“I ask: why can not we design a building like a tree? A building that makes oxygen, fixes nitrogen, insulates carbon, distills water, strengthens soil, uses solar energy, produces food, creates microclimates, changes colors with the seasons? This means using nature as a role model and a mentor, not a disadvantage.” McDonough, Broungart, 1998.
This thought embodies the idea behind the the design of Ecotone by the French architecture studio. Ecotone is designed to be the largest timber construction in Europe, situated at the Coteau site, in Arcueil, south of Paris, along the A6 motorway. The project intends to combine natural elements within the cityscape and seamlessly marry nature and the city. The term ‘ecotone’ symbolizes a transition zone between two ecosystems which the construction is meant to embody.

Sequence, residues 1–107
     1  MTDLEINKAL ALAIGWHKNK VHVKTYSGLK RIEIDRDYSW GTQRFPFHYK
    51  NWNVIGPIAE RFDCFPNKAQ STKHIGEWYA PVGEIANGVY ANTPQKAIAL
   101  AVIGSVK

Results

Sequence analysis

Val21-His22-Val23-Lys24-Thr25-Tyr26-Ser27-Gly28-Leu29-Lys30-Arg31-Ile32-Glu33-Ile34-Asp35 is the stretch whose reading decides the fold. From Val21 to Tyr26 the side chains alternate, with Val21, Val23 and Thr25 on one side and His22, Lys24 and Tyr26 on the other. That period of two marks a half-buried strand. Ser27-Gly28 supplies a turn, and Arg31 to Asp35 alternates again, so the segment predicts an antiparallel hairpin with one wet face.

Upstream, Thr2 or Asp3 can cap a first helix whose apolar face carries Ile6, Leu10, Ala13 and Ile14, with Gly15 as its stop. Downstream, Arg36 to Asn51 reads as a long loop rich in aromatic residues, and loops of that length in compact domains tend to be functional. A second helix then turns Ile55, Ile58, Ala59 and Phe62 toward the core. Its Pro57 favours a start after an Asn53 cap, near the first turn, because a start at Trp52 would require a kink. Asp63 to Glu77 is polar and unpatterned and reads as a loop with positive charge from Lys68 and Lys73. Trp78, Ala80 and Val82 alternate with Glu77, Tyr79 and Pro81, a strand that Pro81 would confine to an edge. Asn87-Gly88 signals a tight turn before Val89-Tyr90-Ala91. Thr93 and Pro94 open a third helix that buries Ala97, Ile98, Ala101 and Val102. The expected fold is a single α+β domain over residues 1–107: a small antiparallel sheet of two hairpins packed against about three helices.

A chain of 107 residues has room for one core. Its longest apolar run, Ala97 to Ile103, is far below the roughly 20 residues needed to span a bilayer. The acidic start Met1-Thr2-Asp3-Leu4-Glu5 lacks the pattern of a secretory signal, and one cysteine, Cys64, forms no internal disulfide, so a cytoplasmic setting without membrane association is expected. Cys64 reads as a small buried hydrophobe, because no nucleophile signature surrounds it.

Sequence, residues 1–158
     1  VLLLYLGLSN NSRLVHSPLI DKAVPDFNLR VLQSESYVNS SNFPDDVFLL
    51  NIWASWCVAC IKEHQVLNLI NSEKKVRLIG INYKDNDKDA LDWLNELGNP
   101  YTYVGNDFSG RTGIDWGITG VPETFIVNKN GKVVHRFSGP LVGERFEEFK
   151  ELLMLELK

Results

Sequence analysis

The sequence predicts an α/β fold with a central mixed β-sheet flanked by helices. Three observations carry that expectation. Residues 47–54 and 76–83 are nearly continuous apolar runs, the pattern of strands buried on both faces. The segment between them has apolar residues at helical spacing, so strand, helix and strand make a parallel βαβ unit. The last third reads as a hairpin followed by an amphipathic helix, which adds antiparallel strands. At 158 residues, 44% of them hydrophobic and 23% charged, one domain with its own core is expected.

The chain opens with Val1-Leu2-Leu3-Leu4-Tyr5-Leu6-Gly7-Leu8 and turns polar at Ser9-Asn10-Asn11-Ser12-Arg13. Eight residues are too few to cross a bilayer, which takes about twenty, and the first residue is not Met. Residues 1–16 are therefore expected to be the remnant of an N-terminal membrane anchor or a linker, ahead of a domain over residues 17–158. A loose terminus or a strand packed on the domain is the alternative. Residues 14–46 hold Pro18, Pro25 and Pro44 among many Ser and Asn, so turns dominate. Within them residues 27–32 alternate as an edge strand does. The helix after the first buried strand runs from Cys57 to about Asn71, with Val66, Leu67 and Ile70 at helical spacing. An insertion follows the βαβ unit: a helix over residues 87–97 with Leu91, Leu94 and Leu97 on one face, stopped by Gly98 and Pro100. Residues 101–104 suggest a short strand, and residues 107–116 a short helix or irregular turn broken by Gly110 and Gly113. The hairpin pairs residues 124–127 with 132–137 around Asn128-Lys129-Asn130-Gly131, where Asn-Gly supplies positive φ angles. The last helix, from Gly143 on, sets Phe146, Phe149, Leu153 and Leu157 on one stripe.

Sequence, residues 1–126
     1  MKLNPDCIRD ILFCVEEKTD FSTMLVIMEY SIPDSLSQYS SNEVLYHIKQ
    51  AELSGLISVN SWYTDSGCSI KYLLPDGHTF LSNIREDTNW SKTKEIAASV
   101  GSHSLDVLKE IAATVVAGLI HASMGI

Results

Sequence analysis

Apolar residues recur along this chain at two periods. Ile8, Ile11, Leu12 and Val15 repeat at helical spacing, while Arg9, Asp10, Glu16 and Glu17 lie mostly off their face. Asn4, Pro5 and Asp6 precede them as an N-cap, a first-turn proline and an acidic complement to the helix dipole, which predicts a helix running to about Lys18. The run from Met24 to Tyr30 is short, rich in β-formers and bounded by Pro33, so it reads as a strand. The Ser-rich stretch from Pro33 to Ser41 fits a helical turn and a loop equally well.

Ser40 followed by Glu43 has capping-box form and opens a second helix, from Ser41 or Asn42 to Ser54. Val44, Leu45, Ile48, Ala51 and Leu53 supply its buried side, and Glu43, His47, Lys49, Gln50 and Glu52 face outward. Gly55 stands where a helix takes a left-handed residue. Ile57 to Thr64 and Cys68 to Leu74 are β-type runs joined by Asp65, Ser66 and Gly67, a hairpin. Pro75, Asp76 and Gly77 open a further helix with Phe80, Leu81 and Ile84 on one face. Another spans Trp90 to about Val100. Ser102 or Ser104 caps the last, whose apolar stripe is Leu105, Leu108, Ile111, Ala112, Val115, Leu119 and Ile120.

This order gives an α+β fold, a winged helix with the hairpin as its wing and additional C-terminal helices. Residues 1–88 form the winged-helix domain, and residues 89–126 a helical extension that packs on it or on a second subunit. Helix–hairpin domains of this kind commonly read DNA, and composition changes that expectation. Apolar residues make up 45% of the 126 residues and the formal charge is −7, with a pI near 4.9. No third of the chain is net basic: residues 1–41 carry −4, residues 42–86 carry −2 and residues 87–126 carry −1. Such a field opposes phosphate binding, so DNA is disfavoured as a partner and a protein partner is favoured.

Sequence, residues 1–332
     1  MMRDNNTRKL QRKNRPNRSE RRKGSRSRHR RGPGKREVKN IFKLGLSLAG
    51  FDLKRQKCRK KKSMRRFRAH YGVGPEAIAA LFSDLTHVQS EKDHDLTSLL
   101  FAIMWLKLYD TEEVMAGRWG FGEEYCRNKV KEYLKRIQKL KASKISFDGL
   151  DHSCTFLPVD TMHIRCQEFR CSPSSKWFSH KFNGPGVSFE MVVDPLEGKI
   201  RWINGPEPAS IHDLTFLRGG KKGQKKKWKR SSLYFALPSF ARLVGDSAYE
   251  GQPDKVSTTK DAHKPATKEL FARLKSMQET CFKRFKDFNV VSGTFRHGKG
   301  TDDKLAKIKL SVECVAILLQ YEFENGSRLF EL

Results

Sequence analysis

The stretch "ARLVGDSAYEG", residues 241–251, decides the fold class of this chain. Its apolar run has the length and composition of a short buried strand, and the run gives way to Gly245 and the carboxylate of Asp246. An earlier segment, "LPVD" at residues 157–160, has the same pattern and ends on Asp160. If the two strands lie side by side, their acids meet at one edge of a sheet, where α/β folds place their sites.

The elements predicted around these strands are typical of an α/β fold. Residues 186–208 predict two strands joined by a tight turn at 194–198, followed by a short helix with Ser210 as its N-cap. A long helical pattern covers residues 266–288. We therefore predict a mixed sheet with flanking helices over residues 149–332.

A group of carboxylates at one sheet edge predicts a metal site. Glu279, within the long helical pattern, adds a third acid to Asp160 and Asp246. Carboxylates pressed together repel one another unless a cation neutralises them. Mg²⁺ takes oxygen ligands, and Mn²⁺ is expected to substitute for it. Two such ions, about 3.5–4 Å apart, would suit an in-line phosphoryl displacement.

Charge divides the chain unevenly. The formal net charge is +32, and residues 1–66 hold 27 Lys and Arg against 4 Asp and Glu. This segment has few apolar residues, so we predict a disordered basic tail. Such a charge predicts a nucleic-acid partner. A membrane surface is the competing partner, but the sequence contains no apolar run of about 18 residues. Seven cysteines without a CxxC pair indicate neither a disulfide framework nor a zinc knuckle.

The structure consists of two hills that combine timber and trees growing on top. The building takes the shape of a big staircase with many terraces which let natural light into the working and social spaces. The interior functions as a multi-use space consisting of offices, a hotel, restaurants, shops and a sports hall. A lot of greenery is incorporated into the design making the structure look like hills, almost a part of the natural environment.
This connection between the city and nature is clearly visible in all of Duncan Lewis’ projects. Ecotone is meant to bring attention to the topic of the future sustainable city, showing that Paris is committed to green development “at the time of the global ecological crisis”.